Rumpus: You mentioned earlier your accident and the amnesia that resulted from it. What was it like revisiting a subject that was once impossible to revisit? What was it like to metabolize that through your writing?

Rojas Contreras: Oh, thank you for asking that! That was the most puzzling writing problem I’ve ever had. Sitting down to put language to a time that was without language was incredibly difficult. It was also challenging because in my experience of amnesia, the key to why it was so dazzling and powerful had to do with the fact that it was wordless. It was a pure being-state where I was present every second, had no past, and was watching the creation of the world and myself each second. How do you put language to that? I wrote it at night, mostly, with wine, and other substances, while listening to electronic music. I needed to be in a slightly different state in order to write those parts. I didn’t think it could be done, but, eventually, I put language to the experience in a way that satisfied me artistically and emotionally.

Rumpus: You write about the term, “magical realism,” and how it is, “just realism to us.” Is this why you chose memoir instead of fiction as a vehicle for your family story?

Rojas Contreras: The fact that I had an incredible story, and that I could back everything up with interviews, and gathered evidence of lived experience, made it a more exciting memoir project. I could interview people who had seen, and could tell me about what it had been like to see my grandfather move clouds. This was an event nobody could quite explain—and that’s more interesting, isn’t it? Everything in the book is interview-, research-, and memory-based. I interviewed multiple people on the same event in order to craft as close to life as possible. As you can imagine, interviewing people about unexplained experiences was really fun!

Politically, writing this story as fiction would be an egregious disservice. I wanted to make the statement that magical realism in the boomer generation was not a fictional invention, but is based on a cultural worldview that is South American. I think many people somehow missed that part. Other cultures have understandings that are specific to them, and I don’t know if it’s helpful to call everything magical realism. I was talking to a fellow Colombian who is a poet. He pointed out that many North Americans say they are writing magical realism when, in fact, they are writing surrealism. So, to me, to write this story as memoir, from the cultural worldview from which magical realism emerged, was a way to correct the record, win back that space, and put it in the context where it belongs.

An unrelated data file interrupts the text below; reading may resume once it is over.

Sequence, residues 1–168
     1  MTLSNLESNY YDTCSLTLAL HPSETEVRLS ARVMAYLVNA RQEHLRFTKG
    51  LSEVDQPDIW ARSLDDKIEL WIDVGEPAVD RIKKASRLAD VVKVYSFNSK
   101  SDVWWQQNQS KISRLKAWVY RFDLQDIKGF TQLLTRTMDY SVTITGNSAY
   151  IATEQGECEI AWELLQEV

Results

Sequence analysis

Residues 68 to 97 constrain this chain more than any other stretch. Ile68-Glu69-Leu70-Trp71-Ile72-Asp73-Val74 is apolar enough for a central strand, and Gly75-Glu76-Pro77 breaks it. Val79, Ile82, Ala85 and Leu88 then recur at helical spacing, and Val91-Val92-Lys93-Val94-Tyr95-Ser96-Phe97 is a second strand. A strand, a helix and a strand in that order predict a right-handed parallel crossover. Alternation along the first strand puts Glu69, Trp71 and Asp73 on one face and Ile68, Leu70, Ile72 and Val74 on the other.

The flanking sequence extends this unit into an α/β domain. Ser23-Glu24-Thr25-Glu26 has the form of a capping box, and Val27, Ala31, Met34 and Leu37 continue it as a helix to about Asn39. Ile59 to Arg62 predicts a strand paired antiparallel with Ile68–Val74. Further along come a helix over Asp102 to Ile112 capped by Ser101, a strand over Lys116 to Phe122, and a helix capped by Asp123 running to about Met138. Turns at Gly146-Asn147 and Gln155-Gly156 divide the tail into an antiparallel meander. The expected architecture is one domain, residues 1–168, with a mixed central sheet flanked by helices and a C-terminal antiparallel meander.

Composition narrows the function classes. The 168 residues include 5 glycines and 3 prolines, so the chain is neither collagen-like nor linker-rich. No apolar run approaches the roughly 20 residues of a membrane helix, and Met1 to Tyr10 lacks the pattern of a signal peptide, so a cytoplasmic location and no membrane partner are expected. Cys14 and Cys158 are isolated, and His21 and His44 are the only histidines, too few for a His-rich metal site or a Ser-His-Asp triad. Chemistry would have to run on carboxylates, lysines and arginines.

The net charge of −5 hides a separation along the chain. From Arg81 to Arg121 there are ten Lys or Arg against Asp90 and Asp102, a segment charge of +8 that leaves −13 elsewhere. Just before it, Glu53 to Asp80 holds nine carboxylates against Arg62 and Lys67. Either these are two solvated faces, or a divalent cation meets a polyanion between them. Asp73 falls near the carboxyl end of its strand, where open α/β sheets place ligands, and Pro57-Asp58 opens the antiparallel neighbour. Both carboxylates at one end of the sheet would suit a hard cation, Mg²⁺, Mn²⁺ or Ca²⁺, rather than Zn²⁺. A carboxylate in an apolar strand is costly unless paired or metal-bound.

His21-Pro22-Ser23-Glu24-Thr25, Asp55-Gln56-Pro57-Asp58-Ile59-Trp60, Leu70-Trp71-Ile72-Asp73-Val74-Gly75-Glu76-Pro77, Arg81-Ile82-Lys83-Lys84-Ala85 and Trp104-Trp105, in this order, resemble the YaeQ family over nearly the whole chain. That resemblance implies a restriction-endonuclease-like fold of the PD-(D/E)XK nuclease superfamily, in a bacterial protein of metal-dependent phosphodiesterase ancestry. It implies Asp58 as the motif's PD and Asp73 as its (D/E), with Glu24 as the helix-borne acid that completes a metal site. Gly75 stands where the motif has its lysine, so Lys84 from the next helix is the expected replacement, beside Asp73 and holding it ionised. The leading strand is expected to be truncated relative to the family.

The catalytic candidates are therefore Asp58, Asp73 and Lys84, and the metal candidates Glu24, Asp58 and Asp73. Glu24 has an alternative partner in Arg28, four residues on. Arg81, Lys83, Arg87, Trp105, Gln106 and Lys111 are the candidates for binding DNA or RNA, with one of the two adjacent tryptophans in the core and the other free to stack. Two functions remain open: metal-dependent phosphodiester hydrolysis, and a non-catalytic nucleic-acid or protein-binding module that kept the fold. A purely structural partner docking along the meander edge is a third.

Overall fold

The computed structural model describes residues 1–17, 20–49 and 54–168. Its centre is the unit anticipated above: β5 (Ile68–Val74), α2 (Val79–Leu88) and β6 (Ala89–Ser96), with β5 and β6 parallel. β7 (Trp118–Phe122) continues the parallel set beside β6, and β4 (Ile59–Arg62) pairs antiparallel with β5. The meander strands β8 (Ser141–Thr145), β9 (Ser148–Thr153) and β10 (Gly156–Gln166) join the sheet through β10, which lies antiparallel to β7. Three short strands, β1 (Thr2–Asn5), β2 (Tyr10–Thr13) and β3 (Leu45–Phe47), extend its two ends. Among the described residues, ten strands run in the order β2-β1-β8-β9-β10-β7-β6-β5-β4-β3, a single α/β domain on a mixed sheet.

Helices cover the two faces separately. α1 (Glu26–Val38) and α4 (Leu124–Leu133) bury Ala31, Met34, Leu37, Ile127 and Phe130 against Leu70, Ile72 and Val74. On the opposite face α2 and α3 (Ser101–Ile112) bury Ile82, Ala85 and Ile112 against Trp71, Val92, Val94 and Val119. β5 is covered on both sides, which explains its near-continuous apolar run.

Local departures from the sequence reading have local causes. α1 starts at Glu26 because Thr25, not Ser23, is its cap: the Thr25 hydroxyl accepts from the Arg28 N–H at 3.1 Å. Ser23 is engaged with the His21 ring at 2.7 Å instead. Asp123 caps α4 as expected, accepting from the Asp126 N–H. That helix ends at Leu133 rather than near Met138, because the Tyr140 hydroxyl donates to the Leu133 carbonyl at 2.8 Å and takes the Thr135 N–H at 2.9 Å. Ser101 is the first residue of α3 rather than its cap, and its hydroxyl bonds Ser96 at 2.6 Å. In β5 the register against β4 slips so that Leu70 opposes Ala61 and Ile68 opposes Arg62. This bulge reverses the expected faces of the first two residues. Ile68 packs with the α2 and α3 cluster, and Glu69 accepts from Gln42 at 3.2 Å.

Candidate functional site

Additionally, the things that happened in real life and that are in the book are so pleasing narrative-wise, I just never had the urge or need to invent.

Rumpus: How do you want to see these discussed in fiction—especially fiction written by those who see it as a hook or “interesting” angle or just something to elevate their work for the sake of elevating their work?

Rojas Contreras: I would love to see people gather more knowledge around what different modalities there are in fiction, and to really understand the difference between surrealism, mysticism, a ghost story, and so on. I see people throw out the term magical realism when they have something unexplained happen in a story, but that’s not what constitutes magical realism at all. It’s always struck me as lazy and misinformed. If writers are writing from a worldview that belongs to mixed people of color without first-hand knowledge, that raises questions, too. I’m not saying people shouldn’t write magical realism inspired-fiction who are not from the culture, but if you do want to call it magical realism, it needs to read as such to people who belong to the culture. If it doesn’t, then it’s a failure of craft on part of the writer. It’s like getting setting wrong, or making a historical mistake in historical fiction.